Leslie Fratkin photographing Zaha Hadid at the Guggenheim Museum

Guggenheim Museum, June 2006

I was a freelance photographer for thirty years. I traveled the world, met incredible people, heard amazing, unforgettable stories. Assignments often led to personal projects – and I pursued them all. I was having the time of my life. Until a diagnosis of multiple sclerosis put an end to my commercial career.

I’d had many mysterious, painful episodes over the years. But I was tough. Strong. Unstoppable. I never turned down an assignment. I just kept pushing on…

My very last job took place in the midst of a terrible bout of vertigo. I could barely stand up, move forward, even see. My long-time editor Victoria called – she told me the shoot’s subject was Zaha Hadid, the famous prizewinning designer (and infamous crank). The location was the very top of New York City’s legendary spiraling Guggenheim Museum!

All I could think was, you really can’t make this stuff up.

Of course I should have declined. But the challenge was like catnip to me – I simply had to take this on. My worried husband offered to help. Like a Sherpa he carried my things and led me up that winding mountain. I wobbled behind, terrified I would either fall over the edge or throw up. He valiantly helped me set up, light, compose and focus (everything was manual), while I tried, and failed miserably, to make lighthearted banter with Ms. Hadid.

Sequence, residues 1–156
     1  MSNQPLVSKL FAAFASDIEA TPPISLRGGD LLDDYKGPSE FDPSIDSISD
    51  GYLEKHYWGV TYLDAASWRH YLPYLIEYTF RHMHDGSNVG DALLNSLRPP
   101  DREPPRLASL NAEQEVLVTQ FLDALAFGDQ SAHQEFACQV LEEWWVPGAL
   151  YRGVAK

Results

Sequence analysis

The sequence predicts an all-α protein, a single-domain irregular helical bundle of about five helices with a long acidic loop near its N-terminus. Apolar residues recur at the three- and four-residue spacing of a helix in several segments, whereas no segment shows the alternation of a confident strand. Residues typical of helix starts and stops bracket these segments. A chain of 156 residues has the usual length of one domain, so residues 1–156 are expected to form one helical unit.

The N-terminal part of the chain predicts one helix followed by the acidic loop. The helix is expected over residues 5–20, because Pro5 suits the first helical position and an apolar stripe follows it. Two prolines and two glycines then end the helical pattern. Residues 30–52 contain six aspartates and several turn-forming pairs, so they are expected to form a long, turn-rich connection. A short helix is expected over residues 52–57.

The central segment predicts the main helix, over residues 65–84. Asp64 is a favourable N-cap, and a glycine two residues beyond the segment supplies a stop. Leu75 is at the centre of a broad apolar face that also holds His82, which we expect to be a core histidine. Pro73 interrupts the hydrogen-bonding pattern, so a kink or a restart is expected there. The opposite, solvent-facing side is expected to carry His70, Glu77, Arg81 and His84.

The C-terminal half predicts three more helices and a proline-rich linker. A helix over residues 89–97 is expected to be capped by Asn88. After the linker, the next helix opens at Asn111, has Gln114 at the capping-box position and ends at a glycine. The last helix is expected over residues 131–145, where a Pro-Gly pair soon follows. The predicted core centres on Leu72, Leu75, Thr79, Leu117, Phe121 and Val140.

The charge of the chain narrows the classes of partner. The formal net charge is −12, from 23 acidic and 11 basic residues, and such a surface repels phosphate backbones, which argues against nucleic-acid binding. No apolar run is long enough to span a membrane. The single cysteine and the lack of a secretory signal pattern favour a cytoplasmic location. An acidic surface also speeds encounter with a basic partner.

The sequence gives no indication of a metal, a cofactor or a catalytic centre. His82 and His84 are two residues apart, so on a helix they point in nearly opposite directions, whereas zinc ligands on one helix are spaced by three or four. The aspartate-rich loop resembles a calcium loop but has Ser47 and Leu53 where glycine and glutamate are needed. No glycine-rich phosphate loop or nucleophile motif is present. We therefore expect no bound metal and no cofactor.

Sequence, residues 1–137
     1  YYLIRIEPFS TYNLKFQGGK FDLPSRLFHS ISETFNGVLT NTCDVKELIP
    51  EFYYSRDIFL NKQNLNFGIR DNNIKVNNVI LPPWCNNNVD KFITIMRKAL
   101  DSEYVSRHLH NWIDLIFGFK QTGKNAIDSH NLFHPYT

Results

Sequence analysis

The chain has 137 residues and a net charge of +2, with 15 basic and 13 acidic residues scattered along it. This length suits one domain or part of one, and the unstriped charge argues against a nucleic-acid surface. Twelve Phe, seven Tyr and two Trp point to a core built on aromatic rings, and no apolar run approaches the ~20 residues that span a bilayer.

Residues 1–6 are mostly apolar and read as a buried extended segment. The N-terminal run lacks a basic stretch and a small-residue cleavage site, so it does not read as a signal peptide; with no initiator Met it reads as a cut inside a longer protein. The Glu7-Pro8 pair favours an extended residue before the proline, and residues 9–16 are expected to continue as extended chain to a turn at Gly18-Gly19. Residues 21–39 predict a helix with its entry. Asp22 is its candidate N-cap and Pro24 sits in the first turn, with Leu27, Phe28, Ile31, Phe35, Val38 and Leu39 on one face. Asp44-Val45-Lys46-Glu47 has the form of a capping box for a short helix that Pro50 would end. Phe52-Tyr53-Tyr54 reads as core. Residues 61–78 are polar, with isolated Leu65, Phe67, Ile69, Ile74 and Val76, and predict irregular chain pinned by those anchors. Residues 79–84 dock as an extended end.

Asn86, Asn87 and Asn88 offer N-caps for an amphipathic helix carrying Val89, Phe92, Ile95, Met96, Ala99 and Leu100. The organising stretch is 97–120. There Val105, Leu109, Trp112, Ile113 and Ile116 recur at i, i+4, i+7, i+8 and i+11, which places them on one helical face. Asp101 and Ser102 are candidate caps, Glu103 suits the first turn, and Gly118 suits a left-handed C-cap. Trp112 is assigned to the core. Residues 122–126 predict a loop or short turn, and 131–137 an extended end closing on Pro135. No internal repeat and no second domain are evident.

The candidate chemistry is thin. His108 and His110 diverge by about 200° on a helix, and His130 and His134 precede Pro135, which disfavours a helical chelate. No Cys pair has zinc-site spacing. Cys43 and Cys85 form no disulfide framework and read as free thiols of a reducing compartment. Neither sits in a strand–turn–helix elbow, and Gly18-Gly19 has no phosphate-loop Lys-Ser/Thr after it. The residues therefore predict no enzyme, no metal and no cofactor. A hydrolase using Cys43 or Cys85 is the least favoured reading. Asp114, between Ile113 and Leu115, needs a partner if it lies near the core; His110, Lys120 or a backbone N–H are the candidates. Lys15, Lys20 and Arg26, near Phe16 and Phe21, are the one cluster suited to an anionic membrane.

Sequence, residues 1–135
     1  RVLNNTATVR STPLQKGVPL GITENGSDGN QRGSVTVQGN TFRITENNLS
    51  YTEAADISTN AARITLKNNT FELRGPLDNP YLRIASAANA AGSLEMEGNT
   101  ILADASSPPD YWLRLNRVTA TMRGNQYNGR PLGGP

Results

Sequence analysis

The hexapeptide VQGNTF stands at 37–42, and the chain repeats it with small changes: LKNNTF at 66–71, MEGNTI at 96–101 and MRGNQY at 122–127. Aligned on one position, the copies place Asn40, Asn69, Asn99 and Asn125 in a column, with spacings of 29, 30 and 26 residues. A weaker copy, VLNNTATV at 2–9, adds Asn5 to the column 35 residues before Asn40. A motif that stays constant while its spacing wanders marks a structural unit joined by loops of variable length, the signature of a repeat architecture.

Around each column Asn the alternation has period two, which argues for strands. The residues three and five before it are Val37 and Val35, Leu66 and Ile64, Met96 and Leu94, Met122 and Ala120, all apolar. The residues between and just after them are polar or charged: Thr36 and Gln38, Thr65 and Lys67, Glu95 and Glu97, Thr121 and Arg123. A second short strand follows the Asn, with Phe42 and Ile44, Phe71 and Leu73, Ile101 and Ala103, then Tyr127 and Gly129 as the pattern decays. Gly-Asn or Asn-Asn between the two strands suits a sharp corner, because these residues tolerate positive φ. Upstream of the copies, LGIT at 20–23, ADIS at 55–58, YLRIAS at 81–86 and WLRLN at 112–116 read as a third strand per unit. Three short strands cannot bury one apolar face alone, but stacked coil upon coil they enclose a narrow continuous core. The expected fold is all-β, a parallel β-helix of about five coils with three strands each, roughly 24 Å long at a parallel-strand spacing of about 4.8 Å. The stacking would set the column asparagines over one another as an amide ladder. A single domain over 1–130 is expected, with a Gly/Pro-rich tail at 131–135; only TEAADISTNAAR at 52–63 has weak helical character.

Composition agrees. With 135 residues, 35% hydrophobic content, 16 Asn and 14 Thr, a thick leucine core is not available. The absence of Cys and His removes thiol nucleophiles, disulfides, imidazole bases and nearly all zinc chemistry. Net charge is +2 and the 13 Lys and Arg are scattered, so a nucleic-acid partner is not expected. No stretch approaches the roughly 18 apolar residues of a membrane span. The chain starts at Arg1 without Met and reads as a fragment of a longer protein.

Naturally it was all a disaster. Only two or three frames were even sharp. This planned cover story became nothing more than two postage stamp-sized images buried deep inside the magazine. My check arrived, conspicuously without Victoria’s usual note of thanks. I never heard from her again.

I spent the next couple years on the sidelines, searching for affordable health care, getting various tests and treatments, feeling tremendously sorry for myself and, especially, dodging all editors’ calls.

Finally I picked up a camera again. I can’t move as fast or walk as far as I used to. Sometimes I can’t even get out of bed. but I also feel such a freedom – I no longer have deadlines, I can slow down and pursue any story that finds me. I can use any camera, film and format, follow any methodology I choose.

Now I wander my neighborhood, looking closely at all the things I never saw. I take frequent breaks, and then I get back up again. I photograph people, street life, all the fascinating details emerging in front of my eyes. And I am having the time of my life.

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